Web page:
Thanks for the post — I plan on reading the book! Mr. Orlov’s thoughts on surviving the impending/ongoing collapse of corporate-orchestrated consumer capitalism, focusing on family-like relations and a post-cash economy, are in accord with my idea that the benevolent path through the wreckage of capitalist modernity depends on re-establishing localized communities of like-minded people based on the adoption and enactment of the moral/political principles of true democracy:

    At birth, every human being is equally deserving of respect and equally deserving of a society where she or he can live a good life.
    Good citizens and decent people live by the following principle of morality and freedom: do unto others as you would have them do unto you, or your children or mother or whoever you care most about in the world. The golden rule demonstrates that morality (“the way a person should act”) is SOCIAL; it’s about how you treat other people and the extent to which you consider how your actions will affect other people.
    Step 3) DEMOCRACY
    With golden rule-morality as the starting point, the ideal political form is what can be called “true democracy,” which is to say that people govern themselves – any governing is by and for the people being governed in any particular situation. Wouldn’t you want the opportunity to participate in any decision that affects you? The golden rule demands we extend that right to all. And that is true democracy.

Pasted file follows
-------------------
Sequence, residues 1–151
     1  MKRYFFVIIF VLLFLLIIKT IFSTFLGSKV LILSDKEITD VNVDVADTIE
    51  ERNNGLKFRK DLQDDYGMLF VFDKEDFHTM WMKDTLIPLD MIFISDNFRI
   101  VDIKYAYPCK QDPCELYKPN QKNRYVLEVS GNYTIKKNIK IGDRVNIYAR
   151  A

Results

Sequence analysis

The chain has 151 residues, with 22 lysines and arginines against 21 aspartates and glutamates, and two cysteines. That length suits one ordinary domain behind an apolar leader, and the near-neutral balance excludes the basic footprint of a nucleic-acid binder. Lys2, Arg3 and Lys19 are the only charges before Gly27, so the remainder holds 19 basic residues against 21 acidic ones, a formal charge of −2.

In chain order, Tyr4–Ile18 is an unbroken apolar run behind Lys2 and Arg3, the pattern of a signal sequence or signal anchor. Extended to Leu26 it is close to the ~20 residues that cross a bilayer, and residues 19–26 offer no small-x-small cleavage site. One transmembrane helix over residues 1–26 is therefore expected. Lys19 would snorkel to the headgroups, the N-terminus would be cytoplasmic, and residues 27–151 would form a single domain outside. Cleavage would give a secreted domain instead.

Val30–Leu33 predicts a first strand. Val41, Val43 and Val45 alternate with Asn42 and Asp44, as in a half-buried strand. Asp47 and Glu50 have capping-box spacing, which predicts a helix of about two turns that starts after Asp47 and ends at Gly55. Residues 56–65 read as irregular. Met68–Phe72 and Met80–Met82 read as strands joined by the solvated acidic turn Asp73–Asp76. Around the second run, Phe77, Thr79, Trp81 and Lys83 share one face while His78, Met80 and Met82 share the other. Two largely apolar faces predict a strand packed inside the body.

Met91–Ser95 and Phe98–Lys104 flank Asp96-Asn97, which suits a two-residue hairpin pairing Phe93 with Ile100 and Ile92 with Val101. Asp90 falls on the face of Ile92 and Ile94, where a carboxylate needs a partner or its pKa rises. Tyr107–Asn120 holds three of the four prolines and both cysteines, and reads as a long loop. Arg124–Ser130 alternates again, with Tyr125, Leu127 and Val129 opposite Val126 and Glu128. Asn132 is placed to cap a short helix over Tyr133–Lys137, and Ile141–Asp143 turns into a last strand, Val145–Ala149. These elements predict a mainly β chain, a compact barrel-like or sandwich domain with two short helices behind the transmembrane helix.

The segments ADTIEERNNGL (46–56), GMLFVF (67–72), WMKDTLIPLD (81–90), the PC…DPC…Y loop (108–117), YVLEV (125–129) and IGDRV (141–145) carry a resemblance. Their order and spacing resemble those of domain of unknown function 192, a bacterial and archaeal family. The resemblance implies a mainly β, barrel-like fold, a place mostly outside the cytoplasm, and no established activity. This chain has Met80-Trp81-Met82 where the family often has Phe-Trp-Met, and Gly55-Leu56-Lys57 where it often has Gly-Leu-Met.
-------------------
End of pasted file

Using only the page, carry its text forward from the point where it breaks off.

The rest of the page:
Step 4) JUSTICE
    Within the open-honest-thoughtful discussions that make up the political process of true democracy, good citizens and decent people will consider the good of everyone affected by the decision to be made, as called for by the golden rule. If people try to argue for a course of action based on selfish self-interest, good citizens and decent people will recognize and critique such positions as anti-democratic.
    Step 5) FREEDOM
    Live and let live; look kindly on people, both generally and specifically; feel free to find and create ways to be happy and enjoy life any way you can without hurting or infringing on others.

    • says

      Art — Sometimes I think the US needs a second Bill of Rights, or a Bill of Freedoms as I think FDR proposed (Freedom from Want, etc). Your list would be a good start.